Posted by: Kevin | July 8, 2008

From the Department of Bad News

From Facing South:

On Feb. 11, personnel at the Westinghouse plant — the largest nuclear fuel facility in the United States — discovered they had lost 16 sample vials of uranium hexafluoride or UF6 that had been delivered a week earlier.

What is really interesting about this story isn’t so much that nuclear fuel has gone missing (which still sucks) but how the Nuclear Regulatory Commission chose to comment on it.  They focus on the investigation being conducted and the controls being implemented and how the radioactivity doesn’t pose a threat to public safety.

The vials contained a total of about 4.5 ounces of low-enriched uranium calculated to contain approximately 409.4 microcuries of radioactivity, which translates to a calculated maximum radiation dose of five millirem per year, or the amount of radiation one person would receive by taking a one-way flight from New York to London.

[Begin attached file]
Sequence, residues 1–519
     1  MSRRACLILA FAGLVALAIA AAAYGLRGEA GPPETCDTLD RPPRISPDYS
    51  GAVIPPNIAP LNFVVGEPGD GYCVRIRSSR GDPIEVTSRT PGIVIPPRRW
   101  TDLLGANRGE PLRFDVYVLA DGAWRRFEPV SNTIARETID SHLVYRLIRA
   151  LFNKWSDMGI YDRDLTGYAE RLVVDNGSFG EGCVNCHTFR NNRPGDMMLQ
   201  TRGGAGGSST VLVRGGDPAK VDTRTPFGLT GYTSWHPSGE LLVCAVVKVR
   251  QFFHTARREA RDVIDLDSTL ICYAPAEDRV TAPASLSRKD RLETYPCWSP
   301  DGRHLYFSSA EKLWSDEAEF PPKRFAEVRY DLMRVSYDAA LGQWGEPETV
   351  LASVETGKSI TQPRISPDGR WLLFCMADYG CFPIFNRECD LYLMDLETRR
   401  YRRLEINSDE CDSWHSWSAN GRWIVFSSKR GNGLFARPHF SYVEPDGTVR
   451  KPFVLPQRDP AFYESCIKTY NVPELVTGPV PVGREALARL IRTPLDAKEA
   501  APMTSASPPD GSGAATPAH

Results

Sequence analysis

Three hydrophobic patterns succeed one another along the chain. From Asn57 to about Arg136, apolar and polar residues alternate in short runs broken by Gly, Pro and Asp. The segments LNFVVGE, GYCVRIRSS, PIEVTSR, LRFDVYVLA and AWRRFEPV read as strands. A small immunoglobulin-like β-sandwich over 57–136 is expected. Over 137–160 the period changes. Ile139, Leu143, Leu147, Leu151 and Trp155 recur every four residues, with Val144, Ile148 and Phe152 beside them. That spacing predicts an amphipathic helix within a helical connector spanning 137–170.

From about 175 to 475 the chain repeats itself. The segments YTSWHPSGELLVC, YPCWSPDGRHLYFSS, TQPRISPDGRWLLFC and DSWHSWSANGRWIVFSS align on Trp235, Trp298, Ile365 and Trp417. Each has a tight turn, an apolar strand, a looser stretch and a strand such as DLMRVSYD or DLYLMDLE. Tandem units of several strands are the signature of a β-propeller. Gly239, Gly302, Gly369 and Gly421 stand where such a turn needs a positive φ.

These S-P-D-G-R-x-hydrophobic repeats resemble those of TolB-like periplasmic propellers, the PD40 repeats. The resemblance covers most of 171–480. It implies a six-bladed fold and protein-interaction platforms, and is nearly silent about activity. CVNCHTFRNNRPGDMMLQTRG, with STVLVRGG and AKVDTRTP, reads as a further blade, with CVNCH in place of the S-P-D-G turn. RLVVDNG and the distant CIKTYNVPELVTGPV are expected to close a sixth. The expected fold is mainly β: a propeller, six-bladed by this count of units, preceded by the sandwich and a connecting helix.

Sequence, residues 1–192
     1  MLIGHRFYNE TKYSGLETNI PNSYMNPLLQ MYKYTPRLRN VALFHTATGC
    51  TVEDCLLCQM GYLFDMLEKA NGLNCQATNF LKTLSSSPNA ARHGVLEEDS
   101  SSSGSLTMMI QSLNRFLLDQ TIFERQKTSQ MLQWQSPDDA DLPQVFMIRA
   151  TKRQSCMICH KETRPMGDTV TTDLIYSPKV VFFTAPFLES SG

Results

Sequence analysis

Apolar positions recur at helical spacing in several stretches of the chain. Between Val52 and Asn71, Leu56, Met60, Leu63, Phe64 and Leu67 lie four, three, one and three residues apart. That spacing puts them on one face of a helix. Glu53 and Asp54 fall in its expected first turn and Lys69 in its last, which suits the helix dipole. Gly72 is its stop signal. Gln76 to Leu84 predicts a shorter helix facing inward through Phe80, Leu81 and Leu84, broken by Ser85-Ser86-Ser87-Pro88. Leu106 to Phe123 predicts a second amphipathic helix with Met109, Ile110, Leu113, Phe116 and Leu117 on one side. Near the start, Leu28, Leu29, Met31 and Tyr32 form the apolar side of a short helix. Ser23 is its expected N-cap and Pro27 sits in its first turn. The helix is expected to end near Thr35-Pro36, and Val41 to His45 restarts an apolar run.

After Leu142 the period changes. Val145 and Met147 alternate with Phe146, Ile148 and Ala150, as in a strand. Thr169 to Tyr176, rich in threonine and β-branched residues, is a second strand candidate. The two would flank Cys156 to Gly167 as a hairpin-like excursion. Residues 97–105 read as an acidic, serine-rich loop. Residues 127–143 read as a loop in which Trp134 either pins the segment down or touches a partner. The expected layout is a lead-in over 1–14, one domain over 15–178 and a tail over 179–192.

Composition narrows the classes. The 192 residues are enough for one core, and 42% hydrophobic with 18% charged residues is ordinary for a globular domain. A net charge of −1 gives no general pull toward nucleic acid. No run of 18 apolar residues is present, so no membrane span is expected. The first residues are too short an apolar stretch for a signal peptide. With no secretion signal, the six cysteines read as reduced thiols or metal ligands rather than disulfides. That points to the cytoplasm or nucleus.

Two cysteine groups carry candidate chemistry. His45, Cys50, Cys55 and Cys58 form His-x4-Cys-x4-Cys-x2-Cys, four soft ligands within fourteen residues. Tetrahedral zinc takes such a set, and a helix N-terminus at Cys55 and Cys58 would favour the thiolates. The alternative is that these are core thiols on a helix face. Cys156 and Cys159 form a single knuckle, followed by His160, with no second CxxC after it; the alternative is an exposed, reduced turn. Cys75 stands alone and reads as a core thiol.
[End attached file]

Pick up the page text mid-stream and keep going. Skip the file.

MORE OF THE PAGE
So there’s no problem right?  Um…no.  What the NRC failed to mention, is that when the material in question (UF6) is exposed to water it generates HydroFlouric Acid which is a deadly poison.

When the material comes into contact with water — including moisture in humid air — it creates deadly hydrofluoric acid. In 1986, for example, a worker at the Sequoyah Fuels plant in Oklahoma was killed when a UF6-filled cylinder ruptured and he inhaled the resulting hydrofluoric acid.

From Wikipedia:

HF interferes with nerve function and burns may not initially be painful. Accidental exposures can go unnoticed, delaying treatment and increasing the extent and seriousness of the injury.  Death can occur if as little as 2.5% of total body surface area is exposed to concentrated HF.

There isn’t enough material missing to say, poison the water supply, but is it too much to mention in the article that the material in question is in fact dangerous?  I don’t think there is any malicious intent in this omission, but I’m irritated that the report from the NRC would fail to mention a fact that I learned in high school chem class.

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